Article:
Remembering Nehru

“Milton! Thou shouldst be living at this hour:

England hath need of thee: she is a fen

Of stagnant waters….we are selfish men;

O raise us up, return to us again;

And give us manners, virtue, freedom, power.” —William Wordsworth



When you died, without notice, from

A heavy heart, I was twenty three, but

Cried   all day long, uncontrollably.

It felt as though our umbilical cord

Had  been  severed from that infinitely

Caring , infinitely daring, infinitely

Childlike god who had steered a   riven

Ship  full of chaos, cacophony, woe—

A babble of skins,  syllables, rituals

   Caverns of  fear-ridden  ignorance,

  Hate-filled hunger, and suspicion

  Of what we did not know, which

Was  indeed head to toe—

So  adroitly,— resolute in love, sure

In reason, all-embracing in clasp,—

That  the vessel ,  guaranteed

To sink into smithereens, steadied,

Cleaved, charted a course  yielding,

Without force, a common route

To a common fate, neither rampant

Nor flamboyant, but erect in gait.

You left, beloved of us all, and

Of  an admiring world, and soon

We came into our own.  This is not

Enough, some said; dismantle

Now this socialist rot, and let the rich

Be richer and the others strive

In their poverty to merit our company.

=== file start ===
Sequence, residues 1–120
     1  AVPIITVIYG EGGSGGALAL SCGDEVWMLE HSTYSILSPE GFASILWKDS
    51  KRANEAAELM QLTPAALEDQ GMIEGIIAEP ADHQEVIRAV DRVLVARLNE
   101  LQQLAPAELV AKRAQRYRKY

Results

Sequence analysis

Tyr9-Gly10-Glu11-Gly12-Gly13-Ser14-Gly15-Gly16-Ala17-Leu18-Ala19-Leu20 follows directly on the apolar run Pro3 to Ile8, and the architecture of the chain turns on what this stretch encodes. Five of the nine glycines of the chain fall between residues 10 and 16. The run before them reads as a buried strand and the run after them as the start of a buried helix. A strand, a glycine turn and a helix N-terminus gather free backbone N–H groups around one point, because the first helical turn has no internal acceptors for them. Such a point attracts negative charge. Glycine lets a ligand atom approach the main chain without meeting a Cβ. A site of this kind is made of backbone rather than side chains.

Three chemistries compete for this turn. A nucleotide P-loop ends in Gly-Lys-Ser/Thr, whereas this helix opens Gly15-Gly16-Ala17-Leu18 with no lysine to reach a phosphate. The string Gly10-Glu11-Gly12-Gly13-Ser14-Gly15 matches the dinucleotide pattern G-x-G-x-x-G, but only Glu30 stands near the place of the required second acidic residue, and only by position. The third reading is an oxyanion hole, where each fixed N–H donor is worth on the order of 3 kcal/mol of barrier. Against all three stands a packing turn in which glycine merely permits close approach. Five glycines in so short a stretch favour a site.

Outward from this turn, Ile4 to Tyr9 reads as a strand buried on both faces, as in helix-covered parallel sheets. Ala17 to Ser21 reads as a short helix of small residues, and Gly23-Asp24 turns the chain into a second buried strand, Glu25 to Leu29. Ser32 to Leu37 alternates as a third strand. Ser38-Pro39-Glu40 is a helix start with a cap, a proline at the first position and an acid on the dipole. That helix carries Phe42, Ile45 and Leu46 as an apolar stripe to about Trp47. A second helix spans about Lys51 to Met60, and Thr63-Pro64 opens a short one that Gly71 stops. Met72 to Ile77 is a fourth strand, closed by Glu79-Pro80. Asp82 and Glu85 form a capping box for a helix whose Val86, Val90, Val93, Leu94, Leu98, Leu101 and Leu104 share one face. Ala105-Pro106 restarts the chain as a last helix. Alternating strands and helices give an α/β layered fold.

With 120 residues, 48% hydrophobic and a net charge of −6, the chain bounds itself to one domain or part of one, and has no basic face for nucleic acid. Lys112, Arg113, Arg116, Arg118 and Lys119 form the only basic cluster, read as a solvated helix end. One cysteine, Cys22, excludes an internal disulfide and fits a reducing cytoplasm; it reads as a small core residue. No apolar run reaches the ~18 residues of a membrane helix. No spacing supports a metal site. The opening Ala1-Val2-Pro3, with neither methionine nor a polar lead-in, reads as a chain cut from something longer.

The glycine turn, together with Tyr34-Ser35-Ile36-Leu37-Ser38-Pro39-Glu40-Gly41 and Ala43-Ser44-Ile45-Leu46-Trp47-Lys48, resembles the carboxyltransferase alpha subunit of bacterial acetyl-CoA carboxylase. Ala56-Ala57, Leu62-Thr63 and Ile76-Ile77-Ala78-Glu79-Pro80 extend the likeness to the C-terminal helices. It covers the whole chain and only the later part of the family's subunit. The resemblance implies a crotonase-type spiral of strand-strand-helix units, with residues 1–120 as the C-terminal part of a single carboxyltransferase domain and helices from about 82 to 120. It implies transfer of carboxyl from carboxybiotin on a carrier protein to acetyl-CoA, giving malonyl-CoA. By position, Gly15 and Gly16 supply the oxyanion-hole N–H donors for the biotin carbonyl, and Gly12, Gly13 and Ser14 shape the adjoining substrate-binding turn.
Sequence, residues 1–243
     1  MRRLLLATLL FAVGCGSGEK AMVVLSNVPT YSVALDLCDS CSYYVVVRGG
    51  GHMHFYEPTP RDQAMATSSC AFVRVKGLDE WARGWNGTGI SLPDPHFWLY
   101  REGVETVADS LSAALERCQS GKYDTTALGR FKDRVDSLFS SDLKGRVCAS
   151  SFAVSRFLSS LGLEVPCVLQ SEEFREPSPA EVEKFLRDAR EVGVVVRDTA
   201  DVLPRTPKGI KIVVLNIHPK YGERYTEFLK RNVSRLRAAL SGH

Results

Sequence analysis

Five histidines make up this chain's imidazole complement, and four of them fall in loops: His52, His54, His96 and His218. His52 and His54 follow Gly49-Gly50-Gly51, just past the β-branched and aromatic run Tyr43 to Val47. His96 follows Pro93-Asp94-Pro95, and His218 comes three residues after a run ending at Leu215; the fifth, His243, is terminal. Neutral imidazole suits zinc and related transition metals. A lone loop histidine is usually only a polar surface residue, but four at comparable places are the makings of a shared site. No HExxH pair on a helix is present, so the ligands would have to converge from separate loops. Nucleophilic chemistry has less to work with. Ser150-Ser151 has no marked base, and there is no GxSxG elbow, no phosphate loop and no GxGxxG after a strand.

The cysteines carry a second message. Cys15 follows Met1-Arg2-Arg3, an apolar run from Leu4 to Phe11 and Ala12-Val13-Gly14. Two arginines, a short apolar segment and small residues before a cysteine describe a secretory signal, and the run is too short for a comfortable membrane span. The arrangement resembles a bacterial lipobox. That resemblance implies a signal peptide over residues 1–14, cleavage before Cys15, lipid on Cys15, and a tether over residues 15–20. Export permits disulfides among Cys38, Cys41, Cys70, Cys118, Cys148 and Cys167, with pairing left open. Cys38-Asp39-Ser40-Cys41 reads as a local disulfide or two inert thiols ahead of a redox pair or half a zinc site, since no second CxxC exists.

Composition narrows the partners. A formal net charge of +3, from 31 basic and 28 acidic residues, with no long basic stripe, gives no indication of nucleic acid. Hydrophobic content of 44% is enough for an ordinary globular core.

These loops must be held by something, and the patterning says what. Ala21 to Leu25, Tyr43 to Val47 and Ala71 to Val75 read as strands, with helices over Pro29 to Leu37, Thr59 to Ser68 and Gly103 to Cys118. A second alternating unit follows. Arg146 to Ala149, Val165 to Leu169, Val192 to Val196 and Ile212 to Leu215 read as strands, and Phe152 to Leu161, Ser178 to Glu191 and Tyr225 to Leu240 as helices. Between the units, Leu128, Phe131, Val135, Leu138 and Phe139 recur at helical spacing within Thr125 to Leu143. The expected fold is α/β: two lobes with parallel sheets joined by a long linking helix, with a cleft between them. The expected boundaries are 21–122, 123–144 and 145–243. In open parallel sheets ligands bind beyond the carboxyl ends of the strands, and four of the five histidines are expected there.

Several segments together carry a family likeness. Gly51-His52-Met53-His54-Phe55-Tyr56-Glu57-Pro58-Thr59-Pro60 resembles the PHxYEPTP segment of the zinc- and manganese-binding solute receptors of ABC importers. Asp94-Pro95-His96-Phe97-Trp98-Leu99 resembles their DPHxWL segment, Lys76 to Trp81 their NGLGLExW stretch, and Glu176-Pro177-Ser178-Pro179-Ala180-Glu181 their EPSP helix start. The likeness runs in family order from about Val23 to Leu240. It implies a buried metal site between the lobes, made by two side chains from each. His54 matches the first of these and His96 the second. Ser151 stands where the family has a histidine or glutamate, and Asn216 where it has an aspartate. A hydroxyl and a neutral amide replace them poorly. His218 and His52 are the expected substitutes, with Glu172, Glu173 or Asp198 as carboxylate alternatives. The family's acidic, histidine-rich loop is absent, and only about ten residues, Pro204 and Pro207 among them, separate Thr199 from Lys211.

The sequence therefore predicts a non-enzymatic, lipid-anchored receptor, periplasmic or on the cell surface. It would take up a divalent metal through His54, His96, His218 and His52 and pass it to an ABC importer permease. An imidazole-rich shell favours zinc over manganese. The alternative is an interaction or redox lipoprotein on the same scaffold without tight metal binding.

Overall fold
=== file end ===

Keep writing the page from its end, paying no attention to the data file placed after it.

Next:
For decades   you have been a memory

Even to your own, secretly, of what has

Kept us  from  those animal spirits  which alone

Can   bloat what was a common ark

To  the size of a battle ship, ready

To embark  on  conquering the world,

Even as  we poison the earth, air, water

Around us to make demons  of   humans,

Armed  with  lolling avarice and  righteous

Intolerance, vanquishing   mere  kindness,   and

The timidity of peace.  Our  treasury   grows

As we shrink into munching midgets

And mechanical  mannequins, replete

With   silliness, vacuity,  aggression, and pose,

All   stridently garnished with religion and noise.

Jawahar that you truly were, our gems

Now are made from synthetic things.

The least trinket with a brand does

The highest price command. In such

A  Bharat may be even you could not have

Done much. You taught us to be global

In the  best human ways; our globalization

After you  is a branded craze for thinginesses

That have  flattened our souls into dresses,

And filled our  skulls with buying and selling

To the accompaniment of twittered yelling.

To them who  can neither buy nor sell

We  simply say  there is heaven and there is hell,

And  never the two may gel. You will

Not pull us down, and we will not pull

You up;  be you green or dark, and

Speaking out of turn, beware of the  trident

That  bears the  blazing fury of saffron.

There we have arrived, O noble one,

Best gone, where  you never failed to warn.

May  be the catastrophe will impel us

To return  to the riches of reason you so

Strenuously taught us to learn.

May be the tear that now drips down

My cheek is harbinger of that churn.


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